Friday, June 7, 2013

Godzilla (1956)

Godzilla: King of the Monsters
seen on TV @ TCM

I would imagine the first time I had ever seen a Godzilla movie was on TV around Thanksgiving, back when local television would show old movies on special occasions. There was a Godzilla Saturday morning cartoon (but the less said about that, the better), not to mention a Godzilla comic book (though I don't recall reading it much), but it was the movies that made an impression on me. I never became a huge fan, but I always watched those movies whenever they'd come on TV.

In hindsight, I should've known better about seeing Roland Emmerich's remake, but I got caught up in all the hype around  it - and the hype was tremendous - to the point where I went to a Tuesday night advance screening (it went wide on a Wednesday, if I recall correctly). It tried to combine elements of the Japanese original, Gojira, as well as the American cut, but in the end, there was too much stupid in the screenplay to overcome.

Of course, looking at the American cut last night for the first time in a long time, I realize it has more than enough stupid on its own! At first, I was interested in seeing how the original Gojira was integrated into this version - for example, showing certain Japanese characters talking to Raymond Burr in English, but with their backs to the camera so you can't tell these aren't the original actors! I have to wonder if American audiences back then were aware of cheats like this - or if they cared.

I mean, the movie doesn't try to hide its origins. If Gojira had been made today, Hollywood would just remake it completely (which they did), instead of making this patchwork version which tries to integrate Burr's character into the story. Did audiences of the day care about the bad dubbing? Burr's intrusive expositional voice-over? Burr's stone-faced visage in general? Or perhaps it was considered "camp" even back then? (Unlikely.)

Burr was really devoted to that pipe, wasn't he?
But let's give Godzilla '56 the benefit of the doubt for a moment and imagine this technique being applied today. Let's say someone like, I dunno, Liev Schreiber or Aaron Eckhart or someone similarly square-jawed in the Burr role and footage from a modern version of Gojira would be integrated into an American cut with new footage. CGI, of course, would make it easy to insert our star directly into the Japanese version. Would it be more successful than Emmerich's remake? (Questions of quality aside, of course. It's not like this is The Dark Knight or anything.)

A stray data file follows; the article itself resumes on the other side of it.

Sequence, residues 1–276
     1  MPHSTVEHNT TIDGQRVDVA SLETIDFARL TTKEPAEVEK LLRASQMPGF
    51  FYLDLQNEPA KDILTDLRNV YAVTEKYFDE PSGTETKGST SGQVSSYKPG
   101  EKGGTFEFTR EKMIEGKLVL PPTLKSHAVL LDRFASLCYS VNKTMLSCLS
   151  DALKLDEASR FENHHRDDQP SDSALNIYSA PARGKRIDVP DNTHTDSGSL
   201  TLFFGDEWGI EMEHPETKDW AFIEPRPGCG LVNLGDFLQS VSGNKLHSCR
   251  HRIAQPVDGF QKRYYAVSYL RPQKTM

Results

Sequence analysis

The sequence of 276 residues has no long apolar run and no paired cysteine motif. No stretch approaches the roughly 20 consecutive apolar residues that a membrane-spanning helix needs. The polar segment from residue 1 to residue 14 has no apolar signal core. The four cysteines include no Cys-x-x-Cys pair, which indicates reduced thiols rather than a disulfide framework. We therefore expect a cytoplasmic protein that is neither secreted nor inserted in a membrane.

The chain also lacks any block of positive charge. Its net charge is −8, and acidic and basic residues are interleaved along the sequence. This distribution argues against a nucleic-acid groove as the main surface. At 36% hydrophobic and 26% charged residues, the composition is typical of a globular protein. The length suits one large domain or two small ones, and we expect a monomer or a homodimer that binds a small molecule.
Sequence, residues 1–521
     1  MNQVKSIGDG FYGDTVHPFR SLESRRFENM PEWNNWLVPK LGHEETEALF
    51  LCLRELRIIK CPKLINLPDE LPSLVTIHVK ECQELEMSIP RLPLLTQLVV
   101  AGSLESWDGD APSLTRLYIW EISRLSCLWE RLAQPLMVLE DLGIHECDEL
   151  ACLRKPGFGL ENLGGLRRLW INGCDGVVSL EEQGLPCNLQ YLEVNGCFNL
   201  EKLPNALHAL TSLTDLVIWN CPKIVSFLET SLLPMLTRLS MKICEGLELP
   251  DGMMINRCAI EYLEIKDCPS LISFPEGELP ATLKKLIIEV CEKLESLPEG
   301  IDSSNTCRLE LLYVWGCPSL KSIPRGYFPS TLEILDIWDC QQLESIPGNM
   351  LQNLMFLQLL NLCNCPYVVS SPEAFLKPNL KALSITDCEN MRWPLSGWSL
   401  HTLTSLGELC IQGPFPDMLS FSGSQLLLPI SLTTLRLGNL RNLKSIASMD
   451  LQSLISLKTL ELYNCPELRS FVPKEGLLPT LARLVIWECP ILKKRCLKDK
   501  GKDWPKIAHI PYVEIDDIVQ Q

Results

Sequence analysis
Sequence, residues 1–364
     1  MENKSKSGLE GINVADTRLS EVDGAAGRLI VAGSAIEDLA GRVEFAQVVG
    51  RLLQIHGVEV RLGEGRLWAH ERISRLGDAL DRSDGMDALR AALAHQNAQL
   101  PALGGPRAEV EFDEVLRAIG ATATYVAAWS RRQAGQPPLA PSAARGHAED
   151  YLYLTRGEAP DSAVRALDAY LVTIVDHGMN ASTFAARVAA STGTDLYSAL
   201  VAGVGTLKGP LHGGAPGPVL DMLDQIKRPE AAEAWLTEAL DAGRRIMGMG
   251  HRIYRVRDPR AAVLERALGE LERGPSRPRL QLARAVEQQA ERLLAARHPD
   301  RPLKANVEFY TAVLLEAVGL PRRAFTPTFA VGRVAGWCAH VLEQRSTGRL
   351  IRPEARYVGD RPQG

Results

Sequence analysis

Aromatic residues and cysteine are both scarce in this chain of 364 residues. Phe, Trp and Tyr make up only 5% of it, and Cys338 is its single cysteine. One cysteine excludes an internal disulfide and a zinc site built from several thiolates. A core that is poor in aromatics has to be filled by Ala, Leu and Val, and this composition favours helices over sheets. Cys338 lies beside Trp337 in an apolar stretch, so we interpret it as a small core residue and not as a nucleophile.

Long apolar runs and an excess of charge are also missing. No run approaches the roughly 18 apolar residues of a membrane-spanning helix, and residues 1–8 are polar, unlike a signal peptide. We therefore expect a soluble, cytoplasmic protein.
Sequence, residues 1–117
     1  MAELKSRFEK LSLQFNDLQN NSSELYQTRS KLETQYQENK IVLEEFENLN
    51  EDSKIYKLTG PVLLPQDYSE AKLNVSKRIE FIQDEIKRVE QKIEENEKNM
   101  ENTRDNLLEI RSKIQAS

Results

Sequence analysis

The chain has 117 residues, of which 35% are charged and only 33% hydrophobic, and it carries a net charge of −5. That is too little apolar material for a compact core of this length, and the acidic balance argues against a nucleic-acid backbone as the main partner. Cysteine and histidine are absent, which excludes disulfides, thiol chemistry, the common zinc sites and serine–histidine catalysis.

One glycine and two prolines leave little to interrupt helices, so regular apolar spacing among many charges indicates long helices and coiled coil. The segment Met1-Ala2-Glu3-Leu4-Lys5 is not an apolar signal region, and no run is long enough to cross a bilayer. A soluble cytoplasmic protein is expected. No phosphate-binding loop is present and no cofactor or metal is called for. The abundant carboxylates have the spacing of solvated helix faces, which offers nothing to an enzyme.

I suspect the answer is no, for one simple reason: modern audiences are more demanding. Thanks to the geek revolution, they're savvier and more up on modern filmmaking techniques. Plus, the globalization of popular culture means they'd probably be aware of the Japanese original and would bitch and moan over any attempt to "corrupt" it. Look at the furor over George Lucas' tweaking of Episodes 4-6 of the Star Wars saga, for example. And I suspect this is also why American audiences in 1956 probably didn't care much about the changes to Gojira. They weren't geeky enough.

As for me, I can easily appreciate the camp value of Japanese monster movies in general; after all, I grew up watching them badly dubbed and re-cut for American audiences. Plus, there's just something about Japanese culture in general. I mean, they make movies, cartoons and comics with the most outrageous, over-the-top imagery, sex and violence, together or separately, and in numerous combinations, yet it's presented with a high degree of... earnestness. 

Like the scene in Gojira/Godzilla where all those legions of schoolgirls sing to lift everyone's spirits the day after Godzilla wipes out Tokyo. They've just seen their hometown destroyed by a giant lizard and have no doubt seen friends and family maimed and killed, but are they traumatized? Are they emotionally scarred? Hell no! Here they are, lined up in their perfectly neat and clean school uniforms, ready and eager to come to the aid of their country in its darkest hour! I mean, I dunno about you, but I don't remember any choir of schoolkids singing on TV the day after 9/11.

So here's hoping the Japanese never stop making "kaiju" movies, and that Hollywood keeps trying to remake them - so that we geeks will always have something new to complain about!


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